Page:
April 3 at 12:00 pm – Traditional Good Friday Observance: The Reading of the Gospel According to Mark. Our Church will be open for silent meditation.

April 5 at 6:15 am – Easter Sunrise Service at Silvershell Beach. Easter Celebratory Service in the Sanctuary followed by Easter Egg Hunt for children at 10:00 am.

Nasketucket Bird Club

At the Nasketucket Bird Club’s March meeting, Lauren Miller-Donnelly will present “Cloud Forest Bird Research in Ecuador.”

The event will be held at 7:00 pm on Thursday, March 26 at the Mattapoisett Public Library, 7 Barstow Street. The meeting is free and open to the public. For more information, contact Carolyn Longworth at

Lauren will provide highlights from tropical bird research at Las Tangaras Reserve just outside of Mindo, Ecuador, where she spent much of the month of December 2013. The trip was a unique mix of eco-tourism and volunteer fieldwork run by a nonprofit organization. Lauren Miller-Donnelly is the property manager for Mass Audubon’s Allens Pond and Great Neck Wildlife Sanctuaries, where she also runs the Junior Bird Club. She is the President of the Paskamansett Bird Club and is also a Massachusetts Butterfly Club fieldtrip leader.

Cease and Desist Demanded – Again

It could have been a quick in and out for the Mattapoisett Planning Board on March 16 with the one agenda item – changes to a Form C approval issued to Michael Solimando for the Appaloosa Lane subdivision – again continued until April 6. There wasn’t any other business to speak of, but other topics did come up and passions were flamed as soon as Chairman Tom Tucker addressed the four people in attendance and asked if there was any other business.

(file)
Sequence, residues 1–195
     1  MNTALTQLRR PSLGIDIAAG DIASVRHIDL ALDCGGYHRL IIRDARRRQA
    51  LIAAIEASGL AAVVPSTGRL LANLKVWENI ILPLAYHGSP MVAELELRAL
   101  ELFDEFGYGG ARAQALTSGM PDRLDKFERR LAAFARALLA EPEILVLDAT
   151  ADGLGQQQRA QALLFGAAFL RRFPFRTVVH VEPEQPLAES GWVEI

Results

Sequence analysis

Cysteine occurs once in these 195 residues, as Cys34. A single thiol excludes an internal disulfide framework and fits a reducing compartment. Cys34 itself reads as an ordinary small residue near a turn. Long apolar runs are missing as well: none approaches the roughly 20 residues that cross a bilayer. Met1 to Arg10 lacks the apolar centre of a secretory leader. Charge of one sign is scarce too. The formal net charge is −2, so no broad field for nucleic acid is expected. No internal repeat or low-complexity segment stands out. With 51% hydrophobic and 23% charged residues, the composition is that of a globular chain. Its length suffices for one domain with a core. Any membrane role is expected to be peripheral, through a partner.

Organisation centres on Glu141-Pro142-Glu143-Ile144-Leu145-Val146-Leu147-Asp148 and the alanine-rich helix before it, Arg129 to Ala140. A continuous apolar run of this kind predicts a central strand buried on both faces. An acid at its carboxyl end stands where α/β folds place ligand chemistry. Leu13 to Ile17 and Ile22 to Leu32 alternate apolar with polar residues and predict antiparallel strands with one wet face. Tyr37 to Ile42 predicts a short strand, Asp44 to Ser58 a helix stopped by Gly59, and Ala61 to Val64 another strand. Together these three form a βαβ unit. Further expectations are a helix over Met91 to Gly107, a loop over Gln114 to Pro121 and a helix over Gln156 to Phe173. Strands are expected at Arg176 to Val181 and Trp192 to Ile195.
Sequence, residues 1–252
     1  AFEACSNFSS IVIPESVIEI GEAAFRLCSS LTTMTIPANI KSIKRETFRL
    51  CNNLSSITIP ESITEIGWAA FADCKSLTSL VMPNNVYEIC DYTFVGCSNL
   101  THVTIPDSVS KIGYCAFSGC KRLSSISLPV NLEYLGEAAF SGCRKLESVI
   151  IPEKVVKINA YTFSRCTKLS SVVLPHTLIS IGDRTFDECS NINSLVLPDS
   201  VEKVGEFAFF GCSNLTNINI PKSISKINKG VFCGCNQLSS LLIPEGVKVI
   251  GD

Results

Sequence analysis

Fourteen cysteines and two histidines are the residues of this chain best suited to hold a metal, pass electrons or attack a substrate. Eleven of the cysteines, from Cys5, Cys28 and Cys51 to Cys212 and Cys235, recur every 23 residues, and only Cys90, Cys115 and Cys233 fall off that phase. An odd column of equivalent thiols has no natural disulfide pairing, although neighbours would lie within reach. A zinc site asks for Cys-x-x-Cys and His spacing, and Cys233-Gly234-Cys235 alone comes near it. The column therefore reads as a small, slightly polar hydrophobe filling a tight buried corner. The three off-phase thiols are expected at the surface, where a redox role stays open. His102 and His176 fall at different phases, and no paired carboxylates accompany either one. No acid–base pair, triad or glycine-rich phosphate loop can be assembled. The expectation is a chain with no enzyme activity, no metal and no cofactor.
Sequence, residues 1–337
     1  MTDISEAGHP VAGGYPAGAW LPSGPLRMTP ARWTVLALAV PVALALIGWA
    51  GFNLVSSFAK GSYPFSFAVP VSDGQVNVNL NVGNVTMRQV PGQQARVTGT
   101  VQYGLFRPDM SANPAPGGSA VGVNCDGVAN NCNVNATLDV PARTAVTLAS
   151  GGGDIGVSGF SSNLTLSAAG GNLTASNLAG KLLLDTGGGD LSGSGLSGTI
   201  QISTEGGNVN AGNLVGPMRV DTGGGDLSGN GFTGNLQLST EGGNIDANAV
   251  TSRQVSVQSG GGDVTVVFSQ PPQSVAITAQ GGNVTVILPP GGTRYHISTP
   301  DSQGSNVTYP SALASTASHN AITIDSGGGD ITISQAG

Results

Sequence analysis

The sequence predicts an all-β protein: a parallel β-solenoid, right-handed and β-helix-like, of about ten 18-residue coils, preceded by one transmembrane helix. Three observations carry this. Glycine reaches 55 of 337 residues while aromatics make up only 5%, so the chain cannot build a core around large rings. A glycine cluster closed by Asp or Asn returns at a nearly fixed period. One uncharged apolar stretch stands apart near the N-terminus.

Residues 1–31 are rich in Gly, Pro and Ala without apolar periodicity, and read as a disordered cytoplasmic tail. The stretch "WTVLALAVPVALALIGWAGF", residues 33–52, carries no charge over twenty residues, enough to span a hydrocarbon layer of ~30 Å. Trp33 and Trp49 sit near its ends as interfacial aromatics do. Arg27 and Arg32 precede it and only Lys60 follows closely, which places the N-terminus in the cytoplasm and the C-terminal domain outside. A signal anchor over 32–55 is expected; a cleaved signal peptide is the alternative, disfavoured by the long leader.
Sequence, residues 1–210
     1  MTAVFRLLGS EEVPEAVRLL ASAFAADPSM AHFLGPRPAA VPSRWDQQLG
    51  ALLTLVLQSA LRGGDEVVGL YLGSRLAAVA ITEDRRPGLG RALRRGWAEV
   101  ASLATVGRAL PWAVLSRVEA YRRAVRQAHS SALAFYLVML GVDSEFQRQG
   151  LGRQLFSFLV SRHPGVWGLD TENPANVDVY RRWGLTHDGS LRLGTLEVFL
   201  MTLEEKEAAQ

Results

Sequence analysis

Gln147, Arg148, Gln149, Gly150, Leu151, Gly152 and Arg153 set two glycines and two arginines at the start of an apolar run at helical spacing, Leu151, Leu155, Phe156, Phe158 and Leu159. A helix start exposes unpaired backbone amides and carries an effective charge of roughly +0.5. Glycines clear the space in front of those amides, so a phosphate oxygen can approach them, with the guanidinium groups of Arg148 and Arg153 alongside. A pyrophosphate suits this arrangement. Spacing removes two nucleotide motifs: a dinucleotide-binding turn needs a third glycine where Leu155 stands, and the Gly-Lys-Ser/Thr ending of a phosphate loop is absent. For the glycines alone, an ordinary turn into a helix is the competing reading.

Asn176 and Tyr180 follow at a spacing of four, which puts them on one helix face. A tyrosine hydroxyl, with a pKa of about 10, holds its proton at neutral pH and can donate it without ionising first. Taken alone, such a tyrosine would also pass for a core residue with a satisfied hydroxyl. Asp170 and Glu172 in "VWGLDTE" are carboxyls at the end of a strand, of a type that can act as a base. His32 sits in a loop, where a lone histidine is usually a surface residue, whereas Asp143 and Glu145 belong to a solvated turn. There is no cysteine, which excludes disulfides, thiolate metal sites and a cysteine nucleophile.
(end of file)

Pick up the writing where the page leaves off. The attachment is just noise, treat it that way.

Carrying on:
Paul Osenkowski of 8 Oaklawn Avenue raised his hand and began an emotional appeal that included a demand that the board order work to stop on the Brandt Island Road subdivision.

This is not the first time Osenkowski has attempted to have construction stopped at this permitted subdivision. He said that although the Planning Board mandated that work be completed on Phase I before any work was started on Phase II, the entire site has been clear-cut.

“There was a big rain in December … the water was flowing down the street, not into the (engineered) retention ponds,” said Osenkowski. “The catch basins are too high; this is a disaster in the making that is all going to flow into the cove.”

Pointing to Planning Board member Karen Field he said, “It’s all going to end up in your back yard, Karen!” He continued, “They haven’t followed the rules.” He said that the Planning Board had asked the developer to complete roadwork in the subdivision before continuing on with Phase II, but instead all the wooded area had been cleared now making rain events disastrous.